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Now browsing: Hometown News > News > Martin County

School garden encourages healthy eating, defrays food costs
Rating: 4.52 / 5 (128 votes)  
Posted: 2013 Jan 25 - 07:00

By Samantha Joseph

Staff writer

STUART -- There's something beautiful happening at The Pine School.

At each of the school's two campuses, fresh herbs and vegetables are sprouting in gardens growing in both size and sophistication.

"We're very proud of it," said Kelly Moore, director of dining services. "The gardens started out relatively small, but they keep expanding every year."

At the Stuart campus, kindergarteners help tend the kitchen garden, and in Hobe Sound, older students help plant and care for lettuce, radishes, wax beans, beets and other crops.

"We use things from it every day," said Head of School Phyllis Parker. "We're so proud of the garden and the parents, partners and students who made it part of what we offer."

Outfitted with about 16 raised planting beds, hydroponic systems and mobile planters complete with irrigation mechanisms, the gardens provide valuable contributions to the school's food services.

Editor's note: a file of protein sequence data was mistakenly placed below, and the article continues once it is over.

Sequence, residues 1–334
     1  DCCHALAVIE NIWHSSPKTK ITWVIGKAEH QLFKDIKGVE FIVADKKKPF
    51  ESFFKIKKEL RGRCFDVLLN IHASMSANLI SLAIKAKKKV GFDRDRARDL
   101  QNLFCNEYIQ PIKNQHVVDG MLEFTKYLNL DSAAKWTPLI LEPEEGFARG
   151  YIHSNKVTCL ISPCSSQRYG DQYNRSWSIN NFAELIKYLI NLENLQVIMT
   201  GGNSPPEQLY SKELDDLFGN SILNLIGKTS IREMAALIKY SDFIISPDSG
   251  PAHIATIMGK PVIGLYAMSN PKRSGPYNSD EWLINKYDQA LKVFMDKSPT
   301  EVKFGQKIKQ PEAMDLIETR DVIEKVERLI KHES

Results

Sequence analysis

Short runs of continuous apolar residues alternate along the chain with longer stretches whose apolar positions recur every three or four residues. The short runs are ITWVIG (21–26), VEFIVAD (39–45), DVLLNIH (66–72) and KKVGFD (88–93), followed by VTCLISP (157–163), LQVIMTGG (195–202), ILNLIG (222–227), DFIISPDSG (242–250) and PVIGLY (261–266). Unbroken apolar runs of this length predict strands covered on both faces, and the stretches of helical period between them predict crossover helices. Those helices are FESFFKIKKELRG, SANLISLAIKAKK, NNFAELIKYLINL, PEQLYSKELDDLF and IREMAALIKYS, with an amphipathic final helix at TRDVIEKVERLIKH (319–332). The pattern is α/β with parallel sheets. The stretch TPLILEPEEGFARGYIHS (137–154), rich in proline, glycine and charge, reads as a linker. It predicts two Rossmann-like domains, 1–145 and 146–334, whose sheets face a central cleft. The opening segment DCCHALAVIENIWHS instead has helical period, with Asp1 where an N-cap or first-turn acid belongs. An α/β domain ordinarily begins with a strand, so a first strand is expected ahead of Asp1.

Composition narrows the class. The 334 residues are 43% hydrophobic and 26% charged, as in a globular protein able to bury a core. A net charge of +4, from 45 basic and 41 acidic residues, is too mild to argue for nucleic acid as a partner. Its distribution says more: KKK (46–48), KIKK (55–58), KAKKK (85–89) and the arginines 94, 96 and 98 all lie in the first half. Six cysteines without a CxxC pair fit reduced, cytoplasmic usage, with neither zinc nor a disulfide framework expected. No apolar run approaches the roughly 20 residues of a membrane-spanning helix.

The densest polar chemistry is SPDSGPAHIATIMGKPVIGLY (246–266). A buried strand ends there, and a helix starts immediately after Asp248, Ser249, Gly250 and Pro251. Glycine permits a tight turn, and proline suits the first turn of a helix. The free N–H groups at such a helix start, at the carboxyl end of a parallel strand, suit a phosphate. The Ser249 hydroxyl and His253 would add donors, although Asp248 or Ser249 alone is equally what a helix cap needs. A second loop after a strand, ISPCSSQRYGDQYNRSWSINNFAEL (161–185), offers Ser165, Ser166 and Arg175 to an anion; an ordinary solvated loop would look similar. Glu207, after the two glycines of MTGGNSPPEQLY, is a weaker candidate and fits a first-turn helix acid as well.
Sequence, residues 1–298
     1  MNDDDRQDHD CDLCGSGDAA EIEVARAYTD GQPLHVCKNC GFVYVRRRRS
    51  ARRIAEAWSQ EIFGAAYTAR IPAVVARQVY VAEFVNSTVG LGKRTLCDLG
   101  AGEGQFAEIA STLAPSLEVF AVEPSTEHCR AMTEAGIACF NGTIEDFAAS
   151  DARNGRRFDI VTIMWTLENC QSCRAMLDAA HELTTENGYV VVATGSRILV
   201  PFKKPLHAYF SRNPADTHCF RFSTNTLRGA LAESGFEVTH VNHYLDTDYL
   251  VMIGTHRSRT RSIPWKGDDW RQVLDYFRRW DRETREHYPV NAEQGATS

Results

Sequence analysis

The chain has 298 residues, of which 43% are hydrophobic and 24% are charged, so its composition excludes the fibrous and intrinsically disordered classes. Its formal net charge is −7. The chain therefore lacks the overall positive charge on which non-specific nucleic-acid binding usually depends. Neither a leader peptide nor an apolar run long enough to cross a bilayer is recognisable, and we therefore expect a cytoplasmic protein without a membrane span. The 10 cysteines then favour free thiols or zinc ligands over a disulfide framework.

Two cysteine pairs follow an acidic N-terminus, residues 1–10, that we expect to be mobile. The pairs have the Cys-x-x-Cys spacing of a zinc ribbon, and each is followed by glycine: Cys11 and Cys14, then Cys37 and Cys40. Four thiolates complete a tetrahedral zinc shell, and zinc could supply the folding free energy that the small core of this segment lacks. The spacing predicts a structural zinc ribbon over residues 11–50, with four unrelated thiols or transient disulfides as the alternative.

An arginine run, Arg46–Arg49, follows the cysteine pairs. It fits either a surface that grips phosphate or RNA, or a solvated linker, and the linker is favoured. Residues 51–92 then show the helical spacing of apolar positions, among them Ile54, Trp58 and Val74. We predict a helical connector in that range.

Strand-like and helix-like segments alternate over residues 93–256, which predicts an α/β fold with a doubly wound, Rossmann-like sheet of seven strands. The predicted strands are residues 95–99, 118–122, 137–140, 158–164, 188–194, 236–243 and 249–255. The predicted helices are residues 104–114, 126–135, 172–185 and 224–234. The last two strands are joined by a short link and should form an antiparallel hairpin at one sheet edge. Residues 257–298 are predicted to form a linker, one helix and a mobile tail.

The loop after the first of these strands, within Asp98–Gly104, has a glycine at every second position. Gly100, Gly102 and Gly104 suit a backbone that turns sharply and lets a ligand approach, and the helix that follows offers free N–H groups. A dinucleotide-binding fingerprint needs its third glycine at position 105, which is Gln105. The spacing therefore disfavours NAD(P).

A yield of about 15 pounds of beets last December helped supplement the menu until January, and freshly picked produce makes it to the daily salad bar.

"We haven't had to purchase any herbs since November, even though we prepare everything from scratch with lots of fresh herbs," Ms. Moore said.

The benefits are multifold. School personnel say students are excited about mealtimes that include food they've grown themselves, and are interested in learning more about the crops and trying different recipes. The result is a burgeoning love for fresh organic food among students and an increased interest in eating fruits and vegetables.

"Anything we can grow ourselves helps as far as the lunch budget, but it gets the kids more excited about their meals, and brings the cycle full circle," Ms. Moore said.

"We can pick a basket of food every day from our garden and supplement it within our daily program."

The effort has gained strong support from parents, especially Shawn Mitchell and Stephen Solomon, who participate in weekly caretaking.

School officials say a project that started out as a plan to grow a modest yield of herbs has blossomed into a source of pride.

"When parents and kids can grow their own food, they get more excited about it and develop better eating habits," Ms. Moore said.

"Getting schools to grow their own food should be the wave of the future. Schools should be given the opportunity to supplement their food program and grow fresh foods."




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